Sniatecki, J. L., Perry, H. B., & Snell, L. H. (2015). Faculty attitudes and knowledge regarding college students with disabilities . Journal of Postsecondary Education and Disability , 28 (3), 259–275. https://www.ahead.org/professional-resources/publications/jped

Journal Article
Sniatecki, J. L., Perry, H. B., & Snell, L. H. (2015). Faculty attitudes and knowledge regarding college students with disabilities. Journal of Postsecondary Education and Disability, 28(3), 259–275. https://www.ahead.org/professional-resources/publications/jped

Notes

[no doi reported]; also located on ERIC online database

Tags

Accommodation/s not specified; Emotional/Behavioral disability; Learning disabilities; No disability; Postsecondary; U.S. context

URL

https://www.ahead.org/professional-resources/publications/jped

Summary

Accommodation

Nearly 98% of respondents reported that they knew that testing accommodations were offered by the Disability Services office. A small proportion of faculty held negative attitudes toward students with disabilities and the accommodations they received. Researchers concluded that addressing misconceptions about students with disabilities and/or accommodations would likely lead to an improved college experience for these students.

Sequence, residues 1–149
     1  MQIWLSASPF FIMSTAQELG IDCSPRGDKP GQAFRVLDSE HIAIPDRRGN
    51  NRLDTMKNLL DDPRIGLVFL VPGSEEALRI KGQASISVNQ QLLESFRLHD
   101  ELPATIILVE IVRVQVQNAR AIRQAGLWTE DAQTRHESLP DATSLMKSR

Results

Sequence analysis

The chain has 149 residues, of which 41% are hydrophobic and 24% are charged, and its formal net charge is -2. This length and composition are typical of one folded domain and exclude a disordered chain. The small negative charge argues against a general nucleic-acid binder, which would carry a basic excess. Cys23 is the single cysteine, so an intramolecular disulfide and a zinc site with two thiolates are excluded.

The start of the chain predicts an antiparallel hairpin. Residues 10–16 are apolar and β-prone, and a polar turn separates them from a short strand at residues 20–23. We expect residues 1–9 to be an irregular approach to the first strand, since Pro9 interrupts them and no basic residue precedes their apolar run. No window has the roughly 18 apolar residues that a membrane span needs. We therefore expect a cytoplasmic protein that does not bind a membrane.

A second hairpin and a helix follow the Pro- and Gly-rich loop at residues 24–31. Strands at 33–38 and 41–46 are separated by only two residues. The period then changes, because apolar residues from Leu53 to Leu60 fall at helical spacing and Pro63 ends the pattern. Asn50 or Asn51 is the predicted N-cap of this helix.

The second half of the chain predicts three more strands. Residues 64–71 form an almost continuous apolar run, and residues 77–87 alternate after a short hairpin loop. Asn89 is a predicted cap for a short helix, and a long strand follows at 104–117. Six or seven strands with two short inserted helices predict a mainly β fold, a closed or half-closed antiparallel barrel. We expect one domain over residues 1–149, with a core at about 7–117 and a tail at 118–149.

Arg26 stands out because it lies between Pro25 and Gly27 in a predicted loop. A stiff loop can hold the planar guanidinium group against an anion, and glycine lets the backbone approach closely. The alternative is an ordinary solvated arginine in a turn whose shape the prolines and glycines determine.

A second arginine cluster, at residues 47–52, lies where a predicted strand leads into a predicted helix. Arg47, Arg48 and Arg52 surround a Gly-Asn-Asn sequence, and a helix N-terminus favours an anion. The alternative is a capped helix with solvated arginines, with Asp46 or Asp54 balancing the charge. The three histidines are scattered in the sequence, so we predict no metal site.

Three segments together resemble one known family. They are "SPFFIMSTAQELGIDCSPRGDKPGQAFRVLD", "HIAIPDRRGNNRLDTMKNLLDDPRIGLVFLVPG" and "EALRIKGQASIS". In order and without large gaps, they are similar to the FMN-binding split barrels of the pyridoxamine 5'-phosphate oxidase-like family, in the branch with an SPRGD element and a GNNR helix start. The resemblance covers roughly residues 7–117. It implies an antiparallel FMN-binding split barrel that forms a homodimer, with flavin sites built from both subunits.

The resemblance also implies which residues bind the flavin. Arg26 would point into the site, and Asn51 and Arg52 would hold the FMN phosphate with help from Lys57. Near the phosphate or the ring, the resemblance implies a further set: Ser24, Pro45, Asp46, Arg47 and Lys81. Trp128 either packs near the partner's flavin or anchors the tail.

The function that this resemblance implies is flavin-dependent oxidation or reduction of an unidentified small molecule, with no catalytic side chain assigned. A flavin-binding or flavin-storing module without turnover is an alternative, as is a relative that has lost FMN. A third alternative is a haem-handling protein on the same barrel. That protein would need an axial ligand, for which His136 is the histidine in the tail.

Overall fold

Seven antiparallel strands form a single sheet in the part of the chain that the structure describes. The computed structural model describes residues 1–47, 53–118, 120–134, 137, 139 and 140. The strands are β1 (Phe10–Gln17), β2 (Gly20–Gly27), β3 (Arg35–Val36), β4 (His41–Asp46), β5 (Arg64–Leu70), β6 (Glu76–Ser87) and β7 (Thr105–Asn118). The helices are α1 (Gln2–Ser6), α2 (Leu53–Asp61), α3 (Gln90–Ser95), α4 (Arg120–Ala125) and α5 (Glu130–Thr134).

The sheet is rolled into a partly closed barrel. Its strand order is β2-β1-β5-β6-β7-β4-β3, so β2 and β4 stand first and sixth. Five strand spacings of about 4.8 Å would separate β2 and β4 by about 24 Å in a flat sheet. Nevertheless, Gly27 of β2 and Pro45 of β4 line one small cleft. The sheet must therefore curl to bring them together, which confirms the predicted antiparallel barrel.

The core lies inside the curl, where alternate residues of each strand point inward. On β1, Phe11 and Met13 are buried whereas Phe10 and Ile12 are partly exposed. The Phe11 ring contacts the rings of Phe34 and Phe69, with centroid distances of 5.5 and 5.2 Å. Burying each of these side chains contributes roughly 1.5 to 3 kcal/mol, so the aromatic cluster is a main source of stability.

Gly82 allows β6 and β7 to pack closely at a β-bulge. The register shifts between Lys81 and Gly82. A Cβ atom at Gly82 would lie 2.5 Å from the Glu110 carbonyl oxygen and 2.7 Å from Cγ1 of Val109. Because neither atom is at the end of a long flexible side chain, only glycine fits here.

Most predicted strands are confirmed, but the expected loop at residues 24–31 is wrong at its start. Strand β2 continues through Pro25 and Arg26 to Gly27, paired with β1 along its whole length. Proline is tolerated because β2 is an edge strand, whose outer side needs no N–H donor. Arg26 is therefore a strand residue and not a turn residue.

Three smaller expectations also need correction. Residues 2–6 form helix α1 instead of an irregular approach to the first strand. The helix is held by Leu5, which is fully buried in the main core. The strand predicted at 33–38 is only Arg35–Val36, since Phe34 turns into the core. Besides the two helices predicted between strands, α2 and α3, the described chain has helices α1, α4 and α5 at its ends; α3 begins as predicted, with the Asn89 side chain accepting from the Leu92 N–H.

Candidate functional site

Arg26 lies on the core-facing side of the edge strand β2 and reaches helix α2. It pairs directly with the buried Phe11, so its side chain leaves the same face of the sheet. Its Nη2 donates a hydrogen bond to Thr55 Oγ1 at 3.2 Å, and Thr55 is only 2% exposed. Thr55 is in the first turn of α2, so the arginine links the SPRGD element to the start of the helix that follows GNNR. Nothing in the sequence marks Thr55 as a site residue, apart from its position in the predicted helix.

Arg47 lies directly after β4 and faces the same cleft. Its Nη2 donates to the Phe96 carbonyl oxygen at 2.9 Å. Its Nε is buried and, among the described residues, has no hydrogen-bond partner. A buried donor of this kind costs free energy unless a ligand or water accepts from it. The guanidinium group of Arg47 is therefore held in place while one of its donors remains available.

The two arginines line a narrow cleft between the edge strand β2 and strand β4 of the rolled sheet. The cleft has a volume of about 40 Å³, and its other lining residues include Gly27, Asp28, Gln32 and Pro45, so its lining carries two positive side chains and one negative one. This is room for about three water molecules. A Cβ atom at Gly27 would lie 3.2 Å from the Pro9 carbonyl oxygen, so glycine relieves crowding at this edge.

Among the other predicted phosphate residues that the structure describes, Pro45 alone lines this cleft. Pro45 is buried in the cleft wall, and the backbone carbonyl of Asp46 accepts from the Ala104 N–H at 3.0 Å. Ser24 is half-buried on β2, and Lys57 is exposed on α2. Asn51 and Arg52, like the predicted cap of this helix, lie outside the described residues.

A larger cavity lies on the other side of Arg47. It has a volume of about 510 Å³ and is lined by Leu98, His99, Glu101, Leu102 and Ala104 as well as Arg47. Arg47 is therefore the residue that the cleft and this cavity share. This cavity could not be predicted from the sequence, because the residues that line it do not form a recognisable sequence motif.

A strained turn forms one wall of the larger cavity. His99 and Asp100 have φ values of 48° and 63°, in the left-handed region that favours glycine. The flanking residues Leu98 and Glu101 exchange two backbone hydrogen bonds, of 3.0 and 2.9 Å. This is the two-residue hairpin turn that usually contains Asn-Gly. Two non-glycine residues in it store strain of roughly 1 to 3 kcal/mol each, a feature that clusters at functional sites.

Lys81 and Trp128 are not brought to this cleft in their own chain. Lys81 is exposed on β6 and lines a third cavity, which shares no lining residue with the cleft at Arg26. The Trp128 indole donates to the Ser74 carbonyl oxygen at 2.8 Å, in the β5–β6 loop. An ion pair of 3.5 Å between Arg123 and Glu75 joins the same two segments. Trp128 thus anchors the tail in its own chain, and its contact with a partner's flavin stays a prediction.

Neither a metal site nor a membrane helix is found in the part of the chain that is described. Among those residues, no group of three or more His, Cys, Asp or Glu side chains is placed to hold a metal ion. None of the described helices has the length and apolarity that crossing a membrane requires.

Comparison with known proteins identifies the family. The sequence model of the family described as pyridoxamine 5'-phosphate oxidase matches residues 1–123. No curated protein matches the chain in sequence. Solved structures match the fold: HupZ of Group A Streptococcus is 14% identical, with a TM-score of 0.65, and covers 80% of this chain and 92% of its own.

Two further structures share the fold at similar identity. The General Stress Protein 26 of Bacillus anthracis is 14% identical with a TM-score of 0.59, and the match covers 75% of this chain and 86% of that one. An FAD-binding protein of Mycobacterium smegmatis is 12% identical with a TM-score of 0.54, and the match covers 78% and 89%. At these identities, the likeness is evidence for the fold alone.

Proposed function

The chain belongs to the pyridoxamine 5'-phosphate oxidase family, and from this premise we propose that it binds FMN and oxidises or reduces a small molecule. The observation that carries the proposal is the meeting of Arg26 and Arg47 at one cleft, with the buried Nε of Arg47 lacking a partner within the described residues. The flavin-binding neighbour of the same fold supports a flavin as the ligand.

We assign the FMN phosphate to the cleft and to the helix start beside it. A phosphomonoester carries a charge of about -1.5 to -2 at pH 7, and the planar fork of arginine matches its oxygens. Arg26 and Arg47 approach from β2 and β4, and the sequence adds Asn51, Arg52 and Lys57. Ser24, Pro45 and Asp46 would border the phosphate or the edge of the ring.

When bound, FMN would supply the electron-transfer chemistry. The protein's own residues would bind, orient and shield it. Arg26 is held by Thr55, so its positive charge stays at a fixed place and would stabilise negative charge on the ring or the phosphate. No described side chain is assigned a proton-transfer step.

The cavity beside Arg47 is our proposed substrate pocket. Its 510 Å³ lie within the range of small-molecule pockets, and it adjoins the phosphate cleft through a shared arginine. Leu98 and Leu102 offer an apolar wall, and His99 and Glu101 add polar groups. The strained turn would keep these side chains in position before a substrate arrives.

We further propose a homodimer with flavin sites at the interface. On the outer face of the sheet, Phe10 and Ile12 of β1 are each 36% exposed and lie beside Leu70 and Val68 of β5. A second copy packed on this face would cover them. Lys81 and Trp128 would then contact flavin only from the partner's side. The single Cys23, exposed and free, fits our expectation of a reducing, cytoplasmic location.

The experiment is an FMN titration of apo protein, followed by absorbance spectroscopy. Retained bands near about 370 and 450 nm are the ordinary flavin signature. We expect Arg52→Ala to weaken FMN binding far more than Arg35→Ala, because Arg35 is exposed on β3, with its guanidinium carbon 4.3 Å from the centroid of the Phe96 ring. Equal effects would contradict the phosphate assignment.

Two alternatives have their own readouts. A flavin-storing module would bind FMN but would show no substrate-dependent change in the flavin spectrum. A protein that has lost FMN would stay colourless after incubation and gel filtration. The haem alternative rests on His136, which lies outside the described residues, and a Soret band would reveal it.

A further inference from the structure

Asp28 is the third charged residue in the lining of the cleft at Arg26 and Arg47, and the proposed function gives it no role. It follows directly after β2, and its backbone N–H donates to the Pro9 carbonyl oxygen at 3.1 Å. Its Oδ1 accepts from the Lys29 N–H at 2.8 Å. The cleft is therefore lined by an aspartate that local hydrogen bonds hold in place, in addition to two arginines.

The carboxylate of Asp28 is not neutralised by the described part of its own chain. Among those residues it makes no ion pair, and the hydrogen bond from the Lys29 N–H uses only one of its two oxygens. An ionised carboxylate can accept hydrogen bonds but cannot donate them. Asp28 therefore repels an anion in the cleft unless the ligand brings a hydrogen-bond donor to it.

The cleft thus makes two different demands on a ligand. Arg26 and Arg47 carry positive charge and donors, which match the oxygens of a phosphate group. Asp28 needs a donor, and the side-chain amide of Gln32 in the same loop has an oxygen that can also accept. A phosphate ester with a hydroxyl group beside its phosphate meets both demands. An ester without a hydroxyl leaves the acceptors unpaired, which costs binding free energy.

Participants

Part- and full-time faculty members (n=123) at a mid-sized, public postsecondary institution in New York (U.S.) participated.

Dependent Variable

An online survey with 30 items was used to assess faculty attitudes and knowledge of students with disabilities. Questions addressed the following areas: the potential for students with disabilities to succeed in college, knowledge of students with disabilities' participation in postsecondary education, available resources for these students, and attitudes toward accommodations.

Findings

Nearly 98% of respondents reported that they knew that testing accommodations were offered by the Disability Services office. A small proportion of faculty held negative attitudes toward students with disabilities and the accommodations they received. Researchers concluded that addressing misconceptions about students with disabilities and/or accommodations would likely lead to an improved college experience for these students.